Carlington affordable housing plan would uproot local garden
'Innovative' plan to build 42 new affordable apartments for seniors at Carlington Community Health Centre
A plan to build 42 new affordable apartments for seniors in the same building where health and social programs reside is being lauded as an innovative way to provide housing for an aging population.
But the plan, which received zoning approval Tuesday from Ottawa's planning committee, also calls for one of the city's oldest community gardens to be relocated.
"This is a very unique and rare opportunity that we have and we've had to make that choice," said Cameron MacLeod, director of the Carlington Community Health Centre.
"We haven't done it without strong consideration for relocation of that garden."
The proposed four-storey building would be linked on one floor to the Carlington Community Health Centre, which is housed in a 94-year-old former school on Merivale Road.
The plan would mean seniors could get help with chronic illnesses without going to a hospital emergency room, or take part in a smoking cessation program without leaving the site, said MacLeod.
Councillors lauded the partnership
It would also add affordable housing stock, in a city where the waiting list is 10,000 households long, said Stéphane Giguère, CEO of Ottawa Community Housing, which will manage the new building.
"This is innovative," said Giguère. "We are receiving interest from other municipalities and other groups here in Ottawa."
The project, which still needs zoning approval from Ottawa city council, would also see the health centre get an expansion.
The project to be funded by the city and provincial and federal governments through programs set up for housing, and construction could start by this summer.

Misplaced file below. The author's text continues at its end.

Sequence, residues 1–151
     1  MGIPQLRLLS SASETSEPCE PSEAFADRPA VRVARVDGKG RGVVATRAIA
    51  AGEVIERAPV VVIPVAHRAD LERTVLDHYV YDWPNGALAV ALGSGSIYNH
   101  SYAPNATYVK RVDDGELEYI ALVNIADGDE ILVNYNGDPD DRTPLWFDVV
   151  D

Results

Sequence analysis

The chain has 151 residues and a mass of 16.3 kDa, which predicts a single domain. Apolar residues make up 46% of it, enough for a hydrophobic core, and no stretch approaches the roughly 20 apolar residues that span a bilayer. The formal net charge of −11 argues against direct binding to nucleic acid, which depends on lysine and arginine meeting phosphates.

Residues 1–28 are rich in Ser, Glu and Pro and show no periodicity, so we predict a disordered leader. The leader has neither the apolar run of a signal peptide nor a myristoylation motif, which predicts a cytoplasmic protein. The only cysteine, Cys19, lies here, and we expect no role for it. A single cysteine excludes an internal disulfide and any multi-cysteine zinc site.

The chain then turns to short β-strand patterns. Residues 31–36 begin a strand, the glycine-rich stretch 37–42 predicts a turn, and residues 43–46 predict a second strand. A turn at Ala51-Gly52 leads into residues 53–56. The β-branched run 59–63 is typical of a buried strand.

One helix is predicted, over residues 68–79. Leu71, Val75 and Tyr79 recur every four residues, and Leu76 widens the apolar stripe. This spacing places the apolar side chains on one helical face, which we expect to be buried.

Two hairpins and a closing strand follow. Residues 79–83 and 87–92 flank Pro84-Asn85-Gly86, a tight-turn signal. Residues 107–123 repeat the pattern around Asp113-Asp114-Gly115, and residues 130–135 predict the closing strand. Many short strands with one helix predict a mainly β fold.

One of city's oldest community gardens
To make room for social housing on the two-acre lot, however, a community garden with 150 plots tended by volunteers has been closed and will need to relocate.
That community garden is among the city's oldest, said one of its volunteers, and the soil has been cultivated for the last twenty years.
"It hurts," said Heidi Sabourin. "But I'm not one of the people in the demographic of people who need it for food desperately."
"A lot of people in this neighbourhood live in apartments and don't have anywhere to garden except for the community garden and they really count on it," she said.
The gardeners also give about 10 per cent of their produce to the food bank in the nearby Caldwell neighbourhood.
"It's not only the food, it's the whole sense of community," said Sabourin. "People help each other. People come by bus."
Seniors have their little plots," she said. "And they say 'When I come spend the afternoon at the community garden I feel so good afterward.'"
MacLeod said he sees both sides — a garden with a lot of history and a need for social housing for seniors.
Ideally the community garden can re-root nearby, and the centre has staff helping try to secure city approval, said MacLeod.
Proposed site would require raised beds
Sabourin sees challenges with a move to the proposed site, which she said is at McBride Street and Woodward Avenue near baseball diamonds.
The land, she said, is a former landfill so plots will need to be in raised beds.
If all goes well, by this summer the community garden may have 15 accessible plots built at a new location, Sabourin estimated.